The heat wave couldn’t stop families from flooding Hart Park Sunday to enjoy Father’s Day in a hundred different celebrations large and small.
Dads fished, barbecued, swam in the lake, jumped from trees into coves in the Kern River and walked dogs. Some even stole an occasional nap.
For David Perez, sitting in a Hawaiian shirt with a blue lei around his neck, Hart Park was the perfect place to spend Father’s Day.
Perez is the pastor of the Apostolic Church on Morning Drive and by late morning his congregation had turned rows of tables under the huge shade canopy of a copse of trees across from the Hart Park lake into a party store-style Hawaiian luau.
Mothers were filling a massive bowl with cut pineapples and watermelon, party decorations lined the tables and hung from trees, barbecues were grilling and two huge vats of festively-colored beverage stood ready at hand.
Kids played among the tables amid the buzz in both English and Spanish.
The air of family was everywhere.
Faith and fathers, Perez said, keep families together.
Meeting for Father’s Day is a tradition for his congregation he said, and it continued Sunday despite the heat, already in the high 90s and rising before 11 a.m.
“For us (Father’s Day) is a door to appreciating God as a parent,” he said.
His own children, Enid and David, Jr., were due to arrive a little later.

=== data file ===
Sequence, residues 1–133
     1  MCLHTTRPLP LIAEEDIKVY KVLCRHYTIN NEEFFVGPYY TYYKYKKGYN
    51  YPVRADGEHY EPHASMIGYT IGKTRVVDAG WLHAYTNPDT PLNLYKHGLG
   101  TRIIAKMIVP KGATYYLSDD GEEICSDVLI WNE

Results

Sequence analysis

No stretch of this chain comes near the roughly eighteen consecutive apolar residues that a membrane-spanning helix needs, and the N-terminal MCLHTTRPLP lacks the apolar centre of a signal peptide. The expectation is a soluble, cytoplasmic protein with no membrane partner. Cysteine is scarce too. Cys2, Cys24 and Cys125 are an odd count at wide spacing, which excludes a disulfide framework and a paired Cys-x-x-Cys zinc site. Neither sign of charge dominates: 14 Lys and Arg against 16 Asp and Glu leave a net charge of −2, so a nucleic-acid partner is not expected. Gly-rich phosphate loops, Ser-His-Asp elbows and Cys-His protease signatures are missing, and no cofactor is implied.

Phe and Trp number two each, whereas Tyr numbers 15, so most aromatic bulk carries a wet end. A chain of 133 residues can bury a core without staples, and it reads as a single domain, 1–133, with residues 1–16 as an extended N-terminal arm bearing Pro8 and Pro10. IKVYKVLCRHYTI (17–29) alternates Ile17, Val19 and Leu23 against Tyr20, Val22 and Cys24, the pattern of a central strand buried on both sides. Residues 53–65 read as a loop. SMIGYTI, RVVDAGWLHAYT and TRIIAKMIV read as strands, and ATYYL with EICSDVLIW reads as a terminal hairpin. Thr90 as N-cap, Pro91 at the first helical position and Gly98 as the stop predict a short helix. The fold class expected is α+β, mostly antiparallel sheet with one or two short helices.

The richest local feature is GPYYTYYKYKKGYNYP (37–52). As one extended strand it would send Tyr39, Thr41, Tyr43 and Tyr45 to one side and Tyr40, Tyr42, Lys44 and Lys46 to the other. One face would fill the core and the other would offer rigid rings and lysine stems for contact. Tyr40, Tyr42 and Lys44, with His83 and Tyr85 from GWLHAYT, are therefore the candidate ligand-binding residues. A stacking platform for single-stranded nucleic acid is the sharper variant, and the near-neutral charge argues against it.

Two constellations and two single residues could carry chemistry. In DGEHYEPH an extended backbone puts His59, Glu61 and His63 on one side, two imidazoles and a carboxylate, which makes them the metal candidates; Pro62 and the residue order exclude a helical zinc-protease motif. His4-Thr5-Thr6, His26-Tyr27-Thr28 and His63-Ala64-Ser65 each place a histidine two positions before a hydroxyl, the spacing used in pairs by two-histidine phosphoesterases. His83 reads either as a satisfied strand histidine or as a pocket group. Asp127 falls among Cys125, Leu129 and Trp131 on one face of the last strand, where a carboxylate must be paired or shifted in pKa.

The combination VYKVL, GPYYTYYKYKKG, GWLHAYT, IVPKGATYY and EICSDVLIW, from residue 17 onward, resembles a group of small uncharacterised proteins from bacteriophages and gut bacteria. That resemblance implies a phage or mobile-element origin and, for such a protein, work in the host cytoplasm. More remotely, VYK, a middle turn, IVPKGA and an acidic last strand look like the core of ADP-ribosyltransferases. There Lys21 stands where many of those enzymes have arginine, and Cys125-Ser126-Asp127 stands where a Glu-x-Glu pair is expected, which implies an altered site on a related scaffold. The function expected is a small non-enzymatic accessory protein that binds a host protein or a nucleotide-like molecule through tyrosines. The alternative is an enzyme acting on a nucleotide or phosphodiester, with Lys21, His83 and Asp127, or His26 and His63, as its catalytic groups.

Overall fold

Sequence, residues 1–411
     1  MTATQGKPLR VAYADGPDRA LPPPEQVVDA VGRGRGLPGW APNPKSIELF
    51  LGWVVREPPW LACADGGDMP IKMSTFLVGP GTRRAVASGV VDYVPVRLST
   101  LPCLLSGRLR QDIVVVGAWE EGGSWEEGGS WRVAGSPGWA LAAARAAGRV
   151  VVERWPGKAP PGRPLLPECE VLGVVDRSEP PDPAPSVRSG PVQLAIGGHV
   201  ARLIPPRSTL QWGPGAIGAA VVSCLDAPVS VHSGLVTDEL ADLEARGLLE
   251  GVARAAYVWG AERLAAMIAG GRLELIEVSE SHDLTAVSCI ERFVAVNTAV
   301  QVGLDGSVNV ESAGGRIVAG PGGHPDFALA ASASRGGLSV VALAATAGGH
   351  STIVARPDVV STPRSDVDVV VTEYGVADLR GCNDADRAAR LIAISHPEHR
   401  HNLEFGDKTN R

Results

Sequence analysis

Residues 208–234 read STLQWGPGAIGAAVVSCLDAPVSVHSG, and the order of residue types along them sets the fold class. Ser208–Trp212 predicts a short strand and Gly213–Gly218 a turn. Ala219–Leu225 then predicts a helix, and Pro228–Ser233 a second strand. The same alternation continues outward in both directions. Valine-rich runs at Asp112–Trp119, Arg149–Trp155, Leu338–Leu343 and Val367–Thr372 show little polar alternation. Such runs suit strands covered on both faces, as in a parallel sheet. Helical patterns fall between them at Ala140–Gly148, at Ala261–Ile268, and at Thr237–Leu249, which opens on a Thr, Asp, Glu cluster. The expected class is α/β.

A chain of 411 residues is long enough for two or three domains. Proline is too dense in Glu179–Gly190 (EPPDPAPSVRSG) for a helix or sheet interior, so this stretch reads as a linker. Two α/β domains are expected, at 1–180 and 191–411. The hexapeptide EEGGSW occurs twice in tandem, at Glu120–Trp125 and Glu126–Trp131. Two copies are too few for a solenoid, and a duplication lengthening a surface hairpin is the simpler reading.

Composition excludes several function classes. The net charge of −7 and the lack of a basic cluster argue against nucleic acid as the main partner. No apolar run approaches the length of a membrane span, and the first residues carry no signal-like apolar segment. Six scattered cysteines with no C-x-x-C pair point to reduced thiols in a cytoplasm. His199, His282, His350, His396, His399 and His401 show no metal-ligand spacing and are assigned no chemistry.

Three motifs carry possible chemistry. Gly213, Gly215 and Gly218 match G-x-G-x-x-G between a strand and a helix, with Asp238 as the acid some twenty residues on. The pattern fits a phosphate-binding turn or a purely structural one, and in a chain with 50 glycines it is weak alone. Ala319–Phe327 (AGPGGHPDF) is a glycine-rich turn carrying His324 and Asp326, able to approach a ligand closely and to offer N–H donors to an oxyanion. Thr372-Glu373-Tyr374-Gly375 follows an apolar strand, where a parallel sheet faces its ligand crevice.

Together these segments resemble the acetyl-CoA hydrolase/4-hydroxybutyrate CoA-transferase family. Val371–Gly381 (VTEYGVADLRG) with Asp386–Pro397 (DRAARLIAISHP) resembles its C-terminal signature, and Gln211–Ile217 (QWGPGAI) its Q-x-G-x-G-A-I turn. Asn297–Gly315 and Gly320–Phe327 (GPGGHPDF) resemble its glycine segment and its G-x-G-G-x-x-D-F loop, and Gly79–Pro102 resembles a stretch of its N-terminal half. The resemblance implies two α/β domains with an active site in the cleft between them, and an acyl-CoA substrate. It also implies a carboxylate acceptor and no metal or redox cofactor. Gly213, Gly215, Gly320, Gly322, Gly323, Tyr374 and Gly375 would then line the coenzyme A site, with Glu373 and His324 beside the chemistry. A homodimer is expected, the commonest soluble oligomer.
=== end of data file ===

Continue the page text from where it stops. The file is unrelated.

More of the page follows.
Nearby Anabel Alvarado, who leads the church’s youth services with her husband, talked while her daughter Anali, 2, tottered over to a nearby swingset to plop her stuffed bear into the seat and give it a push.
Girls tend to worship their fathers, she said.
“I never grew out of that phase,” she said. “I have the best father in the world. My father is still everything to me.”
She remembers the small moments best.
There was the day she, at six-years-old, was singing a song as she pulled her shoes and socks off in the living room – sending them flying.
Her father was in the kitchen with his coffee, just steps away.
“My dad is an avid coffee-drinker,” Alvarado said. “I take off my sock and it lands right in his coffee cup.”
Her father immediately began a lecture into the flaws of sock-flinging, she said.
But couldn’t stop a surge of mirth.
He collapsed into gales of laughter and took the whole family with him.
Now, as a mother, she understands how the love of a parent shapes a person.
“There’s no book that tells you what to do – how to be a mom, how to be a dad,” she said.
Her parents are the guide she uses to find her own way as a mother.
Alvarado celebrated Father’s Day with her dad on Saturday.
On Sunday she was with her church family and with her husband Julio.
The couple are only two weeks from welcoming their second child, a son, and Alvarado said she was drawn to Julio’s patience, hard work, compassion and his humble nature – things that reflected her love of her dad.
Like her, he is grounded in family.
“I saw how he treated his mom, how he always called her. Family is everything to him,” she said.
The value of family, said pastor Perez, is what he hopes the Father’s Day gathering teaches his congregation — especially the children.
“The new generation is losing these values. They’re not seeing their parents with respect,” Perez said. “My intention is to teach the kids how beautiful it is to be one family together.”
Alvarado said the church is her second family.
“Family doesn’t have to be about blood. It’s about who’s there – who’s there in the hard times,” she said. “So here we are. It’s going to be 108 (degrees) but we’re here.”
Celebrating dads is worth it.
“We make a big deal about Mother’s Day – and we deserve it,” she said. “But the guys do too.”